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There has been and there appears to be a continuing increase in the number of biochemical analyses (tests) used to diagnose disease and to monitor disease progress, and there is every reason to believe that the number will increase. At the same time, our knowledge of fundamental biochemistry (in its broadest sense) is also increasing. What to teach medical students then becomes a matter of concern. Certainly, they must be given a sound base in biochemistry and, where possible, the biochemistry of man, but as they begin to approach clinical medicine, they must be given an introduction to the use of biochemistry for the care of the patient. They must be taught what disease processes can be evaluated by biochemical tests and the relationships of the test used to the disease process. This is the applied biochemistry of man.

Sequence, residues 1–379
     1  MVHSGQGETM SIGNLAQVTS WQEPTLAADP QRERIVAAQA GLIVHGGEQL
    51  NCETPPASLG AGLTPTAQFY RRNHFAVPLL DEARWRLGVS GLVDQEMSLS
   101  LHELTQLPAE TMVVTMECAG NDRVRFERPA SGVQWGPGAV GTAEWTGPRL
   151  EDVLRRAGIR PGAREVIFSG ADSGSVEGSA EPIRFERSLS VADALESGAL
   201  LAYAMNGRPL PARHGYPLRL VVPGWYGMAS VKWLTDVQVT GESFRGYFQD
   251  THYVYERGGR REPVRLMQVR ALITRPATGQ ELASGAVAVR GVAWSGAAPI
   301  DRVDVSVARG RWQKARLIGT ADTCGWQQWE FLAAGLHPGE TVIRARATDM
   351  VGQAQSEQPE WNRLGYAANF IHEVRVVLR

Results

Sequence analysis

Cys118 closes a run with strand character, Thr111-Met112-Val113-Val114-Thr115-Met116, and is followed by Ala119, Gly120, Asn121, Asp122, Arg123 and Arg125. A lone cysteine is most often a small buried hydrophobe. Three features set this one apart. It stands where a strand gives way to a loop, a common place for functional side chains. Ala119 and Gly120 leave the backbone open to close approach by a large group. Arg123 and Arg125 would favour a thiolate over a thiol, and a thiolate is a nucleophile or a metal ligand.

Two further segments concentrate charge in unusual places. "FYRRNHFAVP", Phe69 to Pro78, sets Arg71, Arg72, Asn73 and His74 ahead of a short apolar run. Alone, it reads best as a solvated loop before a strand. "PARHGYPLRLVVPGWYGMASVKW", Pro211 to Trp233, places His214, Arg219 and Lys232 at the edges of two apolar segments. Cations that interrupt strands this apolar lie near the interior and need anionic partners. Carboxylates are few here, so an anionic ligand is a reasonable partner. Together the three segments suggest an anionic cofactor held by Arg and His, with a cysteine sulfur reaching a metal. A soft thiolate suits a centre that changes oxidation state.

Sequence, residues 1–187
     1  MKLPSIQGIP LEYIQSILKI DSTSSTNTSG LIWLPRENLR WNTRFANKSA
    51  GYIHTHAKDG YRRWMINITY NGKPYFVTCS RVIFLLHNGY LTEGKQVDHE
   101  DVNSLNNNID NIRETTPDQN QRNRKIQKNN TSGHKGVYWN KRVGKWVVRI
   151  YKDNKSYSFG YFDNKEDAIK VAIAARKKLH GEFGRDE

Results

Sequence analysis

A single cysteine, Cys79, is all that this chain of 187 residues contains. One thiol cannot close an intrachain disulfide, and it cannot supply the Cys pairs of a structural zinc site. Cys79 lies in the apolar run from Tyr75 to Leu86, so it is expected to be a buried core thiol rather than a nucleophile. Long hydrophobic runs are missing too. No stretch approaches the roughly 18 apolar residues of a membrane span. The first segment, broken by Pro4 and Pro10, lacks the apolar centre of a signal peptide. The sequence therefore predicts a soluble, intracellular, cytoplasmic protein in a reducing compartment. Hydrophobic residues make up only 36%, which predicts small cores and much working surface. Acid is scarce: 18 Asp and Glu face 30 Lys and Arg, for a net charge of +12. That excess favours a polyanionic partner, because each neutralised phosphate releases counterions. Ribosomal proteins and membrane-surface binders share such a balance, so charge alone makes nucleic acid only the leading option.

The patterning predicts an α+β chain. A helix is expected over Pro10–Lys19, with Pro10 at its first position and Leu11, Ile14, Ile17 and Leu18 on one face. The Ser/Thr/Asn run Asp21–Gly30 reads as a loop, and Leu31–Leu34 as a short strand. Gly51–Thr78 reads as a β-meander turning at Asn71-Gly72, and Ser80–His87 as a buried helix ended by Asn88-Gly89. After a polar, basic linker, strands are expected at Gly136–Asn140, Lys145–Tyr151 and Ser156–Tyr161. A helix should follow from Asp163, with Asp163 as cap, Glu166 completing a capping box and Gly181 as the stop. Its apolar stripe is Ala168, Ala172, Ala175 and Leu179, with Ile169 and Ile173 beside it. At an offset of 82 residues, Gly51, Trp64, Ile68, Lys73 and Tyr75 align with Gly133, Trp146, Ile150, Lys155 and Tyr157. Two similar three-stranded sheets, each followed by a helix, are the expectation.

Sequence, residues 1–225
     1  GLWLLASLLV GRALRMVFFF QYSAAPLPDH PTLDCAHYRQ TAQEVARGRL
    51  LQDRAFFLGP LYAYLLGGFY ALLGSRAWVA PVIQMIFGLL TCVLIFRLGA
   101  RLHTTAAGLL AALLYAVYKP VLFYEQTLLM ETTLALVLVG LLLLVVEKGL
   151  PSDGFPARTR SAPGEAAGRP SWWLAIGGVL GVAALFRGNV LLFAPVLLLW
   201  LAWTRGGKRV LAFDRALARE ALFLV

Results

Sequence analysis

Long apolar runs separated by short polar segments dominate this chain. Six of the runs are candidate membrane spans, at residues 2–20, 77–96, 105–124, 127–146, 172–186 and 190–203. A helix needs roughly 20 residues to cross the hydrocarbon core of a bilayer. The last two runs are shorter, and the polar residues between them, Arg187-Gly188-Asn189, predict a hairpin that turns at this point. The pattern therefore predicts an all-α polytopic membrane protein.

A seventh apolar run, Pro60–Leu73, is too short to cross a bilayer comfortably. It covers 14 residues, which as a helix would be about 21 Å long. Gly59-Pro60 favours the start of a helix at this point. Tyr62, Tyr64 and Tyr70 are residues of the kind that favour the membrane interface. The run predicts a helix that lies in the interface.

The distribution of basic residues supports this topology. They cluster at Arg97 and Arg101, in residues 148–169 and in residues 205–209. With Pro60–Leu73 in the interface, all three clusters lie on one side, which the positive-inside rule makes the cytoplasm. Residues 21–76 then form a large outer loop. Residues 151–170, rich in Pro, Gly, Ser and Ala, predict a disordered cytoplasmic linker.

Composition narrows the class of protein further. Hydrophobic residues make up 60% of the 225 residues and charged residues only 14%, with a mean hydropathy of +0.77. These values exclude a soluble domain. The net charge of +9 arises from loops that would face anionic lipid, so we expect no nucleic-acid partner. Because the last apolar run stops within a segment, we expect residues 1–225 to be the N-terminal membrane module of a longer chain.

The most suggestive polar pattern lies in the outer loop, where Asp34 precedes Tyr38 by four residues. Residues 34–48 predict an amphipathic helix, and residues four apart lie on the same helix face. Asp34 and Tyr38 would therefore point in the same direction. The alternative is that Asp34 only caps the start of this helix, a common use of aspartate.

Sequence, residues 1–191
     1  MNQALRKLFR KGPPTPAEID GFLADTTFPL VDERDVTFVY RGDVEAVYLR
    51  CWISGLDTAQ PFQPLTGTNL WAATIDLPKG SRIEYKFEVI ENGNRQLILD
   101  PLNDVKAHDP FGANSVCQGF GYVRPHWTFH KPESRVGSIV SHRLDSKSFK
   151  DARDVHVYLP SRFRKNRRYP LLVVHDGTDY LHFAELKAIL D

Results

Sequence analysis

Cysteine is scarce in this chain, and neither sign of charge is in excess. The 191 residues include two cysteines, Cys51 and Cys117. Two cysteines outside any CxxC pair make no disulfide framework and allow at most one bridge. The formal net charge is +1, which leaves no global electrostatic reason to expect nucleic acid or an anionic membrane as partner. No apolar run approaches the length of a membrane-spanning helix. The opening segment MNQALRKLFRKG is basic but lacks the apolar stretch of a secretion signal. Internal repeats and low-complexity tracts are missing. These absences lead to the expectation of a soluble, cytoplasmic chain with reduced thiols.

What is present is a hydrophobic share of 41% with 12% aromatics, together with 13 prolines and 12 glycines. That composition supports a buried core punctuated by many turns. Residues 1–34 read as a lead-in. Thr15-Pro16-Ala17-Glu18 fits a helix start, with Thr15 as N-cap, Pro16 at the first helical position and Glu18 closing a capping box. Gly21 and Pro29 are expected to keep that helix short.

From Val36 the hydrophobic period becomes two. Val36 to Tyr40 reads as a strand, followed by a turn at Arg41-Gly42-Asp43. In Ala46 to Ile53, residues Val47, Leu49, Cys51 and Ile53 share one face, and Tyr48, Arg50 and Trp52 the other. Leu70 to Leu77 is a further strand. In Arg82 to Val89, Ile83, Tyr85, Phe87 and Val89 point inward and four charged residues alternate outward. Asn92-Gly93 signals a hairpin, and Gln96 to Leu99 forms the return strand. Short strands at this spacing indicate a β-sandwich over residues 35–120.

This text by Gornall and 24 colleagues (with one exception Canadians)
Berlin NI. Applied Biochemistry of Clinical Disorders. JAMA. 1982;247(1):88. doi:10.1001/jama.1982.03320260066044
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